Occupational Therapy Assistant


Ranked #1 Best Health Care Support Job for 2018 according to U.S. News & World Report

Helping others gain their independence can be a wonderful career.

Young or old, we all have a job to do: the job of living. Learning, growing, playing, working, managing our homes, and caring for our families could all be considered some of life's occupations. Unfortunately, physical, emotional, or other challenges often prevent individuals from fully participating in these duties of everyday living.

Disease, injury, mental illness, or developmental problems can make it difficult to do everyday activities independently and safely. Occupational therapy assistants make it possible for people to regain independence and live life to its fullest. By choosing to earn an occupational therapy assistant associate's degree, you can make a difference! You will be able to help improve the lives of people of all ages, from newborns to the very old (AOTA, 2010).

Occupational therapy assistants (OTAs) focus on helping people of all ages regain, develop, or master everyday skills in order to live independent, productive, and satisfying lives. Working under the supervision of occupational therapists, the OTA’s ultimate goal is to improve an individual’s quality of life by helping him or her live as independently and safely as possible.

Herzing's Occupational Therapy Assistant Degree Program could be right for you if you:

  • Enjoy helping people
  • Are interested in the human body and how it functions
  • Have strong communication skills
  • Have strong interpersonal skills
  • Are a good problem solver
  • Enjoy working with others
  • Are creative and flexible


The occupational therapy assistant program is accredited by the Accreditation Council for Occupational Therapy Education (ACOTE) of the American Occupational Therapy Association (AOTA), located at 4720 Montgomery Lane, Suite 200, Bethesda, MD 20814-3449. ACOTE’s telephone number, c/o AOTA, is 301-652-AOTA. www.acoteonline.org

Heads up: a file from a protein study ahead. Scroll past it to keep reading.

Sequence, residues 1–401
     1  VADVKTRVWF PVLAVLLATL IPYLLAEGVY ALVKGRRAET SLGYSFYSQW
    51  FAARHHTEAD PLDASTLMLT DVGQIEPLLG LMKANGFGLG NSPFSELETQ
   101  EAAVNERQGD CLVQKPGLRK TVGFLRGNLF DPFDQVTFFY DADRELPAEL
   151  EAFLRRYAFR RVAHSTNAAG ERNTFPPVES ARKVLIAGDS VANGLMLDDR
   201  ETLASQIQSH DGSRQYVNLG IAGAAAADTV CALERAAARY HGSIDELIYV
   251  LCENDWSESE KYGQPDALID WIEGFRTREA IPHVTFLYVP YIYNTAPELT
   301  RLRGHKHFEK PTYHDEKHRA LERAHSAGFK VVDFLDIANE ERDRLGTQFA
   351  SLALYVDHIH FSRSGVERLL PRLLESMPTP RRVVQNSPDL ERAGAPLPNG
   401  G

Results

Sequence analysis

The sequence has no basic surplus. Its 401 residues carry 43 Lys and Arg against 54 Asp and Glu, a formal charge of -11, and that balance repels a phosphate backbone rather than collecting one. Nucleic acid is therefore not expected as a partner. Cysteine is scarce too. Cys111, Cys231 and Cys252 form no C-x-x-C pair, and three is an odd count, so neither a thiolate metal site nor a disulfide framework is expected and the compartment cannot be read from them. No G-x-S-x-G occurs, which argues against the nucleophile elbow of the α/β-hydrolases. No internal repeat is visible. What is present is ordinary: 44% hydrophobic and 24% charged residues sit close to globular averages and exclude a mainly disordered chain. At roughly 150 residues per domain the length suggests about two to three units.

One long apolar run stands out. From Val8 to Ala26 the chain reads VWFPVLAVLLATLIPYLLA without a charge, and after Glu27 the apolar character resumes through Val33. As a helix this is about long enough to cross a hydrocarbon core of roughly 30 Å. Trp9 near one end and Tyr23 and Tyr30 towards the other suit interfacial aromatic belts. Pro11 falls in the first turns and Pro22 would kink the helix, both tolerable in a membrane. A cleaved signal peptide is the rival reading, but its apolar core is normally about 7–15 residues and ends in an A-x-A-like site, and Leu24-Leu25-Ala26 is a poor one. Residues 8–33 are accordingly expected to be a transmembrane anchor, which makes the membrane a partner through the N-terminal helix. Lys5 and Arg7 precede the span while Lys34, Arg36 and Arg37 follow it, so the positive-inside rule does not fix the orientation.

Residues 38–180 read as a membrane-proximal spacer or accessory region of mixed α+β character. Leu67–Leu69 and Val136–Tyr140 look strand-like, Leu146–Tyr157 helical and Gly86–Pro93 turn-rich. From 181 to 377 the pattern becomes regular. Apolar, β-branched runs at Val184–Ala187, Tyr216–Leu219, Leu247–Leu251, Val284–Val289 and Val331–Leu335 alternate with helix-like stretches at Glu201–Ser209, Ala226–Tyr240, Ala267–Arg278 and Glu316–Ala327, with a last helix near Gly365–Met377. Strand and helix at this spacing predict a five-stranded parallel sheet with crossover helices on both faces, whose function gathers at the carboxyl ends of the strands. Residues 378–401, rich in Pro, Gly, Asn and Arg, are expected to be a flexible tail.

Program results from the National Board for Certification in Occupational Therapy (NBCOT) can be found online at https://secure.nbcot.org/data/schoolstats.aspx

Classes start September 5.
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As baby boomers age, demand for occupational therapy assistants is expected to grow. Occupational therapists are expected to employ more assistants to reduce the cost of their services. Once a patient is evaluated and the therapist designs a treatment plan, the OTA can provide many aspects of treatment.

Improved technology is another reason for the higher demand for OTAs. Chronic illnesses that once caused death have better prognosis and treatments. Today we can detect problems in infants and children much earlier and provide early intervention.

Occupational therapy assistants can work with adults who have suffered traumas such as strokes and spinal cord injuries as well as children with disabilities such as Down Syndrome, ADD/ADHD, and autism. 

As an OTA, you may be asked to:

  • Train individuals in the use of rehab devices, adaptive equipment, wheelchair mobility, orthotics, prosthetics, or adaptive driving
  • Train individuals or caregivers in daily living skills such as eating, dressing, safety, and home management skills
  • Help individuals develop sensory, neuromuscular, cognitive, and motor skills
  • Design and fabricate splints
  • Modify the environment, apply ergonomic principles, and be involved in care coordination and case management
  • Promote education, work, leisure activities, and exercise
  • Monitor and record patient progress
  • Schedule appointments and assist in billing